Fuel Cell Basics



A fuel cell is a device, composed of an anode, an electrolyte membrane, and a cathode, that generates electricity through an electrochemical reaction. First, hydrogen is passed through the anode which causes the hydrogen molecules to split. The molecules are split into electrons and protons. The electrons are pushed through a circuit, generating electricty. The protons pass through the electrolyte membrane. Oxygen is passed through the cathode where it is combined with the electrons and protons to produce the fuel cell’s byproducts: water and heat.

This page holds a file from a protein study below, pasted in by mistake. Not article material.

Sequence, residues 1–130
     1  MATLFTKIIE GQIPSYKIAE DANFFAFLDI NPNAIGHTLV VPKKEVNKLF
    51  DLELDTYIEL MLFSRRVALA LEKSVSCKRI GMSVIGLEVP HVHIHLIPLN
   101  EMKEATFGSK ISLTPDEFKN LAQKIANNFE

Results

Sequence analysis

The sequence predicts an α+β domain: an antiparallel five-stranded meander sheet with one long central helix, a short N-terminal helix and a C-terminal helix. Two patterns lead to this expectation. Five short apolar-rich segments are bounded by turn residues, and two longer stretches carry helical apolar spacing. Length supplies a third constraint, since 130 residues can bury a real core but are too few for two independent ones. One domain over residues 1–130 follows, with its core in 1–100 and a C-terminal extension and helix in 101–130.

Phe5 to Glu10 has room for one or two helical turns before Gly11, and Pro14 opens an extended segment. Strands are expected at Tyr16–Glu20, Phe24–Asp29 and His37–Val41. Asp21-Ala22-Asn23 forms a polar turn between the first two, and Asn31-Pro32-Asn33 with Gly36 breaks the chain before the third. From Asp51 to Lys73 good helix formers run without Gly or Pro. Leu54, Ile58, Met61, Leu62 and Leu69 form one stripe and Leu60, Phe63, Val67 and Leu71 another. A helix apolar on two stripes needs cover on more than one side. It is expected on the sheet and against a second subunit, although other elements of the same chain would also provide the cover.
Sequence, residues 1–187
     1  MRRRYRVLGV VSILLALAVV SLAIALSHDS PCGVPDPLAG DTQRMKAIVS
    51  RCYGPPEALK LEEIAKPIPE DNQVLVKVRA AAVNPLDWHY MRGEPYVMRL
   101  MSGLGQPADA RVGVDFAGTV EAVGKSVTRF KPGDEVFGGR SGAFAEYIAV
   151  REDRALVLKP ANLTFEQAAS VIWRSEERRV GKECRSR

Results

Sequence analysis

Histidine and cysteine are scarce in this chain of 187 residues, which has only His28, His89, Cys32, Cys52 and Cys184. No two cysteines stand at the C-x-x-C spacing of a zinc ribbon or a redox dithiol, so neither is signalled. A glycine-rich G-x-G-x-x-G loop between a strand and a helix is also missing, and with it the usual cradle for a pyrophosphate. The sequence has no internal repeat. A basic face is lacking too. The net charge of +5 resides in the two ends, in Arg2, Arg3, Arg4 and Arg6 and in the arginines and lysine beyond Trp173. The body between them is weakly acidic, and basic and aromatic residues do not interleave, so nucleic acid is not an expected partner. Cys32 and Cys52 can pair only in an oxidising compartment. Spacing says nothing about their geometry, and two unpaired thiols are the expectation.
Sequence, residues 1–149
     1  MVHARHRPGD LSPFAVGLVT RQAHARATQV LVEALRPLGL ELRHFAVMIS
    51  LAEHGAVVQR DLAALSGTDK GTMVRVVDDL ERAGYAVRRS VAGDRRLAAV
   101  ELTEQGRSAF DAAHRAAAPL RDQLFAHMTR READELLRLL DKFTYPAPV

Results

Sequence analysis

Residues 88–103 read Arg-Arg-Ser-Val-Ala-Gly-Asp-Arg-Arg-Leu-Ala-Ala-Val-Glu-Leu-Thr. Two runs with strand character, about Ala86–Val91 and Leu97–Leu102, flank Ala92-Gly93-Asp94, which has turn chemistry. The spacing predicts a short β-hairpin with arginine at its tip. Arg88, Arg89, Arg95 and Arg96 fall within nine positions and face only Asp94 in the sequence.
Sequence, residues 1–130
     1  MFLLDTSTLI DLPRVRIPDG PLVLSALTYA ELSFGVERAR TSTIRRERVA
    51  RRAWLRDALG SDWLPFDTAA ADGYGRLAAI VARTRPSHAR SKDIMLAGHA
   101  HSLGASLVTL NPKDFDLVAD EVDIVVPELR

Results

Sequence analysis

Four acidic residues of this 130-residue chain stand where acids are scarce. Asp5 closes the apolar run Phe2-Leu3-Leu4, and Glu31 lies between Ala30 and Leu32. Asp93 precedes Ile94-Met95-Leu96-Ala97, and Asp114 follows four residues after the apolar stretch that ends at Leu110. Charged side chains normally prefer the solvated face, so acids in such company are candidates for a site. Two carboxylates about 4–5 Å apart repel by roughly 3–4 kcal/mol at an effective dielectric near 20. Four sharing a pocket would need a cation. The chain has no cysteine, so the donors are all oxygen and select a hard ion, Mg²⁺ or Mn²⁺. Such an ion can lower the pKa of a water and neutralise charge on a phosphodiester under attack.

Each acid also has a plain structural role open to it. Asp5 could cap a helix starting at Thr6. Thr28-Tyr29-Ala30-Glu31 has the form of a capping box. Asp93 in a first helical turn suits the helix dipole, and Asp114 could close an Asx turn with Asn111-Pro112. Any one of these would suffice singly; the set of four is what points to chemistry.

• Polymer Electrolyte Membrane Fuel Cells
  • Alkaline Fuel Cells
  • Phosphoric Acid Fuel Cells
  • Molten Carbonate Fuel Cells
  • Solid Oxide Fuel Cells
  • Combined Heat and Power Fuel Cells
  • Regenerative or Reversible Fuel Cells


Fuel cells do not have any moving parts causing them to operate almost silently.